Rick

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Hey you left out Merc Dimes in your observations. They do not count here at NGC ? Certainly most Merc Collectors know that NGC is somewhat harder on giving out the FB designation but maybe others do not know this. Comment ?

 

This is not a post to pit one company against another but a post to clear the air on how NGC assigns the designation.

 

Ken

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Ken,

 

The standard for the Mercury Dimes is quite similar between the companies. NGC requires that the center band be split and uninterrupted. I have not seen any major difference for this designation between the companies.

 

Rick

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Rick:

I agree with everything you say,but is there a change of heart ?Maybe you can tell why PCGS still won't let NGC graded coins into their Registry.NGC realizes you can't always find the coin your looking for graded by just one certain company.I have Registry quality coins,but can't register them at PCGS because mine are in NGC slabs and NGC doesn't list SMS yet.Try to find Ultra Cameo SMS in high grades. confused.gif

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SMS,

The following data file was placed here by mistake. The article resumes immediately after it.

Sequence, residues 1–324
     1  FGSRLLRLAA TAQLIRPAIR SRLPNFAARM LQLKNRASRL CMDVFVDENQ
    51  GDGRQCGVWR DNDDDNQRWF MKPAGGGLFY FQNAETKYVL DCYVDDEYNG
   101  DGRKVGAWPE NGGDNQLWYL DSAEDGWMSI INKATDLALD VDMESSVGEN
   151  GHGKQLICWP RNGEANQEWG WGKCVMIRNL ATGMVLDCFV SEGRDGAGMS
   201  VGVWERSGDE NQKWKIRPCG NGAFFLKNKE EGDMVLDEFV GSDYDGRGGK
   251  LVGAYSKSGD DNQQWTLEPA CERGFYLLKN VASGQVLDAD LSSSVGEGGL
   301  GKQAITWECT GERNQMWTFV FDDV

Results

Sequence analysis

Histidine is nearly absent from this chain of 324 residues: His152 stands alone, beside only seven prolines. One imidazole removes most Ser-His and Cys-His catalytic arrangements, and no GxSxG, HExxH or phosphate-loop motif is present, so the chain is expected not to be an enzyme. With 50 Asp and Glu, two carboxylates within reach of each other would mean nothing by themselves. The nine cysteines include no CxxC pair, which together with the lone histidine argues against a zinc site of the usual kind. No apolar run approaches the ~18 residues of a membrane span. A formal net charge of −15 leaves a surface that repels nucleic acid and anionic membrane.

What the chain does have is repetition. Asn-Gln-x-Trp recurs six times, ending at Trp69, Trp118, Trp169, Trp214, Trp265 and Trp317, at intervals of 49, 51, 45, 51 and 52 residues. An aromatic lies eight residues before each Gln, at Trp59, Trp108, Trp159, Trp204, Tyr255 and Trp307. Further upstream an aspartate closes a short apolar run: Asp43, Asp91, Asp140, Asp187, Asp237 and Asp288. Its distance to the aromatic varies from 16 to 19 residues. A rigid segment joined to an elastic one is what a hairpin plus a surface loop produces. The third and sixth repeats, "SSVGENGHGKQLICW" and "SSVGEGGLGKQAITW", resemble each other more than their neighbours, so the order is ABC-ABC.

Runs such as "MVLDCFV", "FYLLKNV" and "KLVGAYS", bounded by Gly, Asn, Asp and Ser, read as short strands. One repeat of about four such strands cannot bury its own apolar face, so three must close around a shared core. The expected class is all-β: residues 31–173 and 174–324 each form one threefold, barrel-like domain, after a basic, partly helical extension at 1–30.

You would need to ask PCGS why you can't register your NGC coins in their registry.

 

I do appreciate your wanting the SMS sets to be set up and we are working on this as well as many other sets. I will be sure to let Dave Lange know of the desire to bring this set up. It is my belief and intent that registry users be permitted to not only fill the sets that are listed, but to also create and complete sets as they so choose.

 

Thanks for your input on this. I appreciate all the insight and suggestions you and the other registrants toss my way.

 

Rick

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Rick:

First of all, Thank you for your prompt responce.I did ask PCGS (why they don't include NGC graded coins into their Registry) their responce was it would be unfair to PCGS collectors because NGC grading standards are looser than PCGS's overall and PCGS coins sell for more in the marketplace.They feel that a collection that is graded 100% PCGS has greater value. mad.gif

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Rick - didn't you write that response to his question while at your last employer?

 

Shame on you TDN. Rick's already posted more times here than across the street, and you're already trying to run him off. laugh.gif

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but to also create and complete sets as they so choose.

 

This is interesting. Do you mean user defined sets such as denominational varieties not currently recognized by NGC? Inclusive of grading companies other than NGC and PCGS?

 

Andy laugh.gif

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Trade Dollar Nut,

 

Very obvservant of you. In fact, I did make a similar statement regarding DPL while across the street. I just feel the analogy works, so I've continued to use it.

 

Andriod, I do mean to allow users to create their own sets. After all, that's what collecting is all about anyway. In time, I would like to see that rare collector who only seeks gold proof coins whose denominations are in odd increments (G$1, $3, $5) and for pieces from even dated years be able to register his set. Why not.

 

Thanks for all of the ideas.

 

Rick